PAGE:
On the Death of Ray Bradbury

When NPR first announced their “This I Believe” series, I jumped at the chance to show the world why an early introduction to science fiction was essential to my creative development. My essay wasn’t picked for broadcast, but it is archived on their site, along with all the others that didn’t make the cut.

With the passing today of Ray Bradbury, I’ve decided to reprint that essay on my website, because Bradbury and Heinlein were my primary introductions to science fiction.  Bradbury was especially important to me because my favorite form of writing is the short story, and he was a master of that form.


I don’t remember which one I saw first. It was either Bradbury’s R is for Rocket or Heinlein’s Red Planet, but the sequence doesn’t really matter. What matters is that I took them both home from the public library and read them, sitting on my brown beanbag throne, flanked by tidy bookshelves like Centurion guards. In that space I discovered the alternate worlds of “A Sound of Thunder”, “The Foghorn” and Willis, the Martian roundhead, and I was hooked on science fiction.

Later, I stalked the arid dunes of Arrakis with blue-eyed Paul Atreides and cried when I learned that Ellison’s Jeffty was still five, and had never lost his Captain Midnight Decoder Ring. Science fiction crossed over into fantasy and I found myself lost in Mordor with Frodo and Sam, then combing the treasure room of Atuan with Ged, seeking to restore the ring of Erreth-Akbe, and with it, worldly balance. And Thomas Covenant, unwilling tutor that he was, reminded me that the real world was of prime importance, and that I was lucky to be in it.

When Dungeons and Dragons came along in the late 1970s, my friends and I were naturally hooked, and spent every Sunday afternoon in the library’s basement conference room, crawling through each other’s imaginations, solving puzzles and laughing at our own absurdity, bundles of creativity wrapped in cloaks of innocence.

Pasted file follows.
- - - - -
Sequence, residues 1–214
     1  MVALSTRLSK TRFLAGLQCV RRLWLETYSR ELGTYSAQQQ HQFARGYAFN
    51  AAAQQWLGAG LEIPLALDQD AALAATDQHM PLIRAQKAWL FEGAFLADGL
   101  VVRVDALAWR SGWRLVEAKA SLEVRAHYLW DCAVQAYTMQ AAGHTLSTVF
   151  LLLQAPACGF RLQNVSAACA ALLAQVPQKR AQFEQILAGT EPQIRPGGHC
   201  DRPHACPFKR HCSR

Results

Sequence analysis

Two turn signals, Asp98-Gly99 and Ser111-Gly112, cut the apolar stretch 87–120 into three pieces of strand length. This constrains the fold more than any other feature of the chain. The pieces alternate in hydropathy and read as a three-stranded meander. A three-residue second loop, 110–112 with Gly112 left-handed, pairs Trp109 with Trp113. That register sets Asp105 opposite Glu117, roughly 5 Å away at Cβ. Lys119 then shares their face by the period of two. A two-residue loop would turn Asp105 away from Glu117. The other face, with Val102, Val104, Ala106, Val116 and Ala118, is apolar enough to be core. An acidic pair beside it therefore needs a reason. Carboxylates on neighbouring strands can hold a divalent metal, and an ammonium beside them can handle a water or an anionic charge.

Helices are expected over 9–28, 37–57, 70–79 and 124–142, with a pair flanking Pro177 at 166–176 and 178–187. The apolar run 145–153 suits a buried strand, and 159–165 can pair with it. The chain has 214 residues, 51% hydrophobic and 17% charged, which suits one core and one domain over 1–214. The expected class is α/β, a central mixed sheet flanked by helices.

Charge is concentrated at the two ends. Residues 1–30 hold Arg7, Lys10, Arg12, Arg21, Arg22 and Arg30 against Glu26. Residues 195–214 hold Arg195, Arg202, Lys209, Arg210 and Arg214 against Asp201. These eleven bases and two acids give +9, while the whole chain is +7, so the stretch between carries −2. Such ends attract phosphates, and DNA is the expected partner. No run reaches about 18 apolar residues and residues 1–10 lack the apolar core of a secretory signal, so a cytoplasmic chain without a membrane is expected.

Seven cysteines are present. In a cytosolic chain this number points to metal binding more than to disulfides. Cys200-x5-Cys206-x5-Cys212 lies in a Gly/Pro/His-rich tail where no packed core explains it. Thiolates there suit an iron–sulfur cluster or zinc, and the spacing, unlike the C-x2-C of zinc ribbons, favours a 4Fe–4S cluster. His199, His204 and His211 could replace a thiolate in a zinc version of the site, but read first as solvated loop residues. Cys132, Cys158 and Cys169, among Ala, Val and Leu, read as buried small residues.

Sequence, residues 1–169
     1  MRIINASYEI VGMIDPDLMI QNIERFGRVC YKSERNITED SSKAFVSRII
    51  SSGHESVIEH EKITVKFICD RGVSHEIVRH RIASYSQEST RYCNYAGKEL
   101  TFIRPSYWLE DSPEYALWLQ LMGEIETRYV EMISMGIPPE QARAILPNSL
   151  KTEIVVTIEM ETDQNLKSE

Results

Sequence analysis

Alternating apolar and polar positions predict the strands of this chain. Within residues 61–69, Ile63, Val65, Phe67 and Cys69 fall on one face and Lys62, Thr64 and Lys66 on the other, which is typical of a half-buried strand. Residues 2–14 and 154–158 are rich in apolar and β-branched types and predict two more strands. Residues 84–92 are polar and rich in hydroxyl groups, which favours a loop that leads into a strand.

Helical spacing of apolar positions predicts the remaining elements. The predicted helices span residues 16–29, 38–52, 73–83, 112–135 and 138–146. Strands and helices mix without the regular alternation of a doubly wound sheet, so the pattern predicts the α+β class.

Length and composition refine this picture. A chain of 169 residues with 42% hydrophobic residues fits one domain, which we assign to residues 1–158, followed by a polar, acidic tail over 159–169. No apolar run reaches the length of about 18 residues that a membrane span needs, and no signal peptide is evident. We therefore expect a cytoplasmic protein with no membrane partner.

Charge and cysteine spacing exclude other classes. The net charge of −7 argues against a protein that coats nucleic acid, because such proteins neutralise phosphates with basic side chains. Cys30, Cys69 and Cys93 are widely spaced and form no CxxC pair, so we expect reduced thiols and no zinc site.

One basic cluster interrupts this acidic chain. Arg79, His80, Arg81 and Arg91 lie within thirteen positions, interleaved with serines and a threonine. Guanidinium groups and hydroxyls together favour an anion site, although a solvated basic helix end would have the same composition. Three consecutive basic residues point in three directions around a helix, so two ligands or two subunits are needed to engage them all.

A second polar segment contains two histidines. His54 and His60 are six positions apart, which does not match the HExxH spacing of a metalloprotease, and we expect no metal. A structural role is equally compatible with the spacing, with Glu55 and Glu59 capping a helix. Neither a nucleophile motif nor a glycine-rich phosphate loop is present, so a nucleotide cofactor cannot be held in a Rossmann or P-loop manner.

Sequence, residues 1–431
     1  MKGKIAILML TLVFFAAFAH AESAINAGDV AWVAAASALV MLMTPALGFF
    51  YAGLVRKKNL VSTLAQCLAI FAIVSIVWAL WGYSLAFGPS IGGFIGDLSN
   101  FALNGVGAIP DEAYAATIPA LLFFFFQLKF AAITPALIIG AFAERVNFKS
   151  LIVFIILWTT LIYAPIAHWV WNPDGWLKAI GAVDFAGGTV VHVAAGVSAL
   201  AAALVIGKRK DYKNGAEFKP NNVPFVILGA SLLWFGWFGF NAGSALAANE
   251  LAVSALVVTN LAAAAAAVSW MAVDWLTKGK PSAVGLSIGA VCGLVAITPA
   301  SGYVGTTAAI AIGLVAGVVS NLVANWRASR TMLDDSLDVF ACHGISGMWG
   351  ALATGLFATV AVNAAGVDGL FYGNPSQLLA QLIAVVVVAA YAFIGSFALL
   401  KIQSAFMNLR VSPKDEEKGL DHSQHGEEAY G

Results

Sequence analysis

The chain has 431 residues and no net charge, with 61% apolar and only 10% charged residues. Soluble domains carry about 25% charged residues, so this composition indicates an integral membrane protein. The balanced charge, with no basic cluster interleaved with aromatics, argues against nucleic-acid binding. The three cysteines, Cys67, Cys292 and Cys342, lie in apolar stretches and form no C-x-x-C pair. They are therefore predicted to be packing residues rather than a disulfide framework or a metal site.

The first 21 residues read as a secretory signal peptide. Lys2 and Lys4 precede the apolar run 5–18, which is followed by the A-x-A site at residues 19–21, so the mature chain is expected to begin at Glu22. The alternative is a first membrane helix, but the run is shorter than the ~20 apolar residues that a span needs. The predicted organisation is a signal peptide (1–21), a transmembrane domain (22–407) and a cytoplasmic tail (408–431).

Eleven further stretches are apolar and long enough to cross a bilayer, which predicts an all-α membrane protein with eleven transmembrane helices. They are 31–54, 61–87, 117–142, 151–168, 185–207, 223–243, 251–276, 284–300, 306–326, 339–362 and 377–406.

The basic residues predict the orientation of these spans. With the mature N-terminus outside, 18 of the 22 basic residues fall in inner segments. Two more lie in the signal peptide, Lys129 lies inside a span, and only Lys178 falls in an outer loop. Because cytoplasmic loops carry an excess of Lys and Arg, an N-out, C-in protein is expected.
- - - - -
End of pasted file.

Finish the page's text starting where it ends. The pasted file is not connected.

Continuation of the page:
Now, I’m nearing middle age. The marathon D&D sessions have morphed into occasional afternoon strategy games with the same lifelong friends. Books (when they aren’t in boxes) don’t come off the shelves nearly enough, and I seem to need more sleep than I ever did when I was younger. But the sparks of creativity and imagination that burst into life with Bradbury’s Rocket still smolder. Occasionally one will ignite and float skyward with the completion of a poem or short story. A flurry might crackle and spit into being while I play guitar with my band. More sparks glow when I read a sonnet to the woman I love, asking her to marry me beside a high country lake.

I believe that creativity is vital to the soul. It connects us to others in ways we don’t expect or understand. It builds self-confidence and teaches us to find solutions to problems no one can predict. It helps us to explore other worlds, mindsets, and cultural ideas. And in the visual and musical arts, creativity helps us express that which has no words.

If not for the sparks of wonder that I found in the Bradburys and Heinleins of the world, I might never have known what it’s like to feel the joys of creativity and imagination. I might have never learned to play guitar, or to appreciate the poetry of Gerard Manley Hopkins. I might have never gazed at the Milky Way above timberline and wondered who else was Out There.

And, worst of all, I might never have known the importance of Captain Midnight Decoder Rings.

Originally appeared on NPR’s “This I Believe” website, dated June 14, 2005

Godspeed, Ray Bradbury. Enjoy your train ride to the afterlife, because I know you won’t take a plane.

A Thing of Shining Beauty